The Tax-Cut Payoff in Carolina
Even with lower rates, tax revenues have increased 6% this year, and the state has a $400 million budget surplus.
Four years ago North Carolina’s unemployment rate was above 10% and the state still bore the effects of its battering in the recession. Many rural towns faced jobless rates of more than 20%. But in 2013 a combination of the biggest tax-rate reductions in the state’s history and a gutsy but controversial unemployment-insurance reform supercharged the state’s economy and has even helped finance budget surpluses.
As Wells Fargo’s Economics Group recently put it: “North Carolina’s economy has shifted into high gear. Hiring has picked up across nearly every industry.”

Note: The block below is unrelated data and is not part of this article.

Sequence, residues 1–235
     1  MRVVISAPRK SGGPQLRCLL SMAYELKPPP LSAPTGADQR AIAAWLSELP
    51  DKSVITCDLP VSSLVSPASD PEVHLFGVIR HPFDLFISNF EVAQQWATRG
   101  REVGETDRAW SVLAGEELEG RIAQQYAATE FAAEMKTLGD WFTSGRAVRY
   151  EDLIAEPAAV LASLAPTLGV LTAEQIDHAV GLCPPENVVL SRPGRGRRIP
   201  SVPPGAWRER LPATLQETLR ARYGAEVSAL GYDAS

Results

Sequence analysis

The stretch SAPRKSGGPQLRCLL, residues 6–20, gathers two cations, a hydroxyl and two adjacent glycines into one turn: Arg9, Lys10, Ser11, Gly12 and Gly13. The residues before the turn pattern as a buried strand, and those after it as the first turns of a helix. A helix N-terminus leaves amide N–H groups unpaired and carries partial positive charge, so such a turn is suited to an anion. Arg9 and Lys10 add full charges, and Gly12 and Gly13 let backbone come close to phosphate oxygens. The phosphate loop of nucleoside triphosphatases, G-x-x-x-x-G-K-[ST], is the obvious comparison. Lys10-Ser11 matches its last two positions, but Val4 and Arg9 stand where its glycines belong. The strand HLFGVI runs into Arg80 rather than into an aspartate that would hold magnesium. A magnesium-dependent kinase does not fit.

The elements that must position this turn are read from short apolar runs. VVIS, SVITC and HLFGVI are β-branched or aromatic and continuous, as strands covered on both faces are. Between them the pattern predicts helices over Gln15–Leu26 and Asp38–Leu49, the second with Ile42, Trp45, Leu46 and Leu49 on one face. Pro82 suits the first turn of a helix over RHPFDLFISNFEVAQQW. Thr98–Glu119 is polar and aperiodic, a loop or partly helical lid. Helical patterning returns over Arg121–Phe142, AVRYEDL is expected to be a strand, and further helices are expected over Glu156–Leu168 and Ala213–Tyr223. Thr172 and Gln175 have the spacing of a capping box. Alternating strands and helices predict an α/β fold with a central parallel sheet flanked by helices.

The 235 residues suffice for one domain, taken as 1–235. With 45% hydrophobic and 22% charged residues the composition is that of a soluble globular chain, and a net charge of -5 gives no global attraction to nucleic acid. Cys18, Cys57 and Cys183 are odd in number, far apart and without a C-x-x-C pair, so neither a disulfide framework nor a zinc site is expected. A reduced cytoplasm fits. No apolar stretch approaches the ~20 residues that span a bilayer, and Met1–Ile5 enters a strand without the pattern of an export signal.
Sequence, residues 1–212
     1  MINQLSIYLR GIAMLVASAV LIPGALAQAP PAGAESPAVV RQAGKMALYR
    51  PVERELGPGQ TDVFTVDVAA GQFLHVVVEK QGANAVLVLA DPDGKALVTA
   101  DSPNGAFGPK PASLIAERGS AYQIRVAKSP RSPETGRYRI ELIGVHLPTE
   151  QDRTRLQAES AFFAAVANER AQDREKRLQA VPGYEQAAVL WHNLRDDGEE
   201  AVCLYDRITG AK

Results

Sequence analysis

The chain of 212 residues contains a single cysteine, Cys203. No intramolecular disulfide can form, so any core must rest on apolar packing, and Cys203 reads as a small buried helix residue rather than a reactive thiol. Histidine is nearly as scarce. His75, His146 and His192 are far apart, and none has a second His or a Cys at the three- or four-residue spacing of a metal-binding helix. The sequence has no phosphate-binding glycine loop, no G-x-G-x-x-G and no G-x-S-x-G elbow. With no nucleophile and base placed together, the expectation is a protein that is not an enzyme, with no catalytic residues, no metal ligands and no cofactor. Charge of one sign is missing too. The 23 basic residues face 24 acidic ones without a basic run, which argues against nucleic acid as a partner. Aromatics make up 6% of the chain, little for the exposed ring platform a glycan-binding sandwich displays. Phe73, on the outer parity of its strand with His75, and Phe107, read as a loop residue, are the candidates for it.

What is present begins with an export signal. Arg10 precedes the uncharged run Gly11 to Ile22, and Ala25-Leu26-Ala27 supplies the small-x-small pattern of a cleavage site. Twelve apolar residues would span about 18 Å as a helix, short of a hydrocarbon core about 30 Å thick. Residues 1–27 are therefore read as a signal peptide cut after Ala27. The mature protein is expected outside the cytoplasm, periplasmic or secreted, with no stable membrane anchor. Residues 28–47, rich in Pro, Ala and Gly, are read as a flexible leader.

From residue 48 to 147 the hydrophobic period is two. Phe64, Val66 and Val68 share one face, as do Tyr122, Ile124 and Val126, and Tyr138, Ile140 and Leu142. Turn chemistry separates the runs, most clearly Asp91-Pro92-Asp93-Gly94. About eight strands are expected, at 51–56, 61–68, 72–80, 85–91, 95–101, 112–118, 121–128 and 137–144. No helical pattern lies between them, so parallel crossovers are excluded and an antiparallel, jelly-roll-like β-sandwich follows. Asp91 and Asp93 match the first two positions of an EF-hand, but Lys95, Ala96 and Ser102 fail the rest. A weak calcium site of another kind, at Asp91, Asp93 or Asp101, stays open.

The tax cut slashed the state’s top personal income-tax rate to 5.75%, near the regional average, from 7.75%, which had been the highest in the South. The corporate tax rate was cut to 5% from 6.9%. The estate tax was eliminated.
Next came the novel tough-love unemployment-insurance reforms. The state became the first in the nation to reject “free” federal payments for extended unemployment benefits and reduce the weeks of benefits to 20 from 26. The maximum weekly dollar amount of payments, $535, which had been among the highest in the nation, was trimmed to a maximum of $350 a week. As a result, tens of thousands of Carolinians left the unemployment rolls. (more…)